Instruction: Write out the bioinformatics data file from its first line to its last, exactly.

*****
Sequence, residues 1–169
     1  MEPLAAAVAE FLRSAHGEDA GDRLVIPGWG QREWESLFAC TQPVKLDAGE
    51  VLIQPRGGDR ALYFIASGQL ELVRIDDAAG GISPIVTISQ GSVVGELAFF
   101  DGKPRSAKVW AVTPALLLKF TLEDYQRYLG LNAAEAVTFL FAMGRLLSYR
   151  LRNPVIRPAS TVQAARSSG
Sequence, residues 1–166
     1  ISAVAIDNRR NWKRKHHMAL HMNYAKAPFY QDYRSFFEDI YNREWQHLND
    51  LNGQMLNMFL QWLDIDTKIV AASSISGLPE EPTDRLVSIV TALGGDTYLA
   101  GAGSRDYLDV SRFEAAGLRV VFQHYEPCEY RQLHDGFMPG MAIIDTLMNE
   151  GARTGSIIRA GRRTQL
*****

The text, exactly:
Sequence, residues 1–169
     1  MEPLAAAVAE FLRSAHGEDA GDRLVIPGWG QREWESLFAC TQPVKLDAGE
    51  VLIQPRGGDR ALYFIASGQL ELVRIDDAAG GISPIVTISQ GSVVGELAFF
   101  DGKPRSAKVW AVTPALLLKF TLEDYQRYLG LNAAEAVTFL FAMGRLLSYR
   151  LRNPVIRPAS TVQAARSSG
Sequence, residues 1–166
     1  ISAVAIDNRR NWKRKHHMAL HMNYAKAPFY QDYRSFFEDI YNREWQHLND
    51  LNGQMLNMFL QWLDIDTKIV AASSISGLPE EPTDRLVSIV TALGGDTYLA
   101  GAGSRDYLDV SRFEAAGLRV VFQHYEPCEY RQLHDGFMPG MAIIDTLMNE
   151  GARTGSIIRA GRRTQL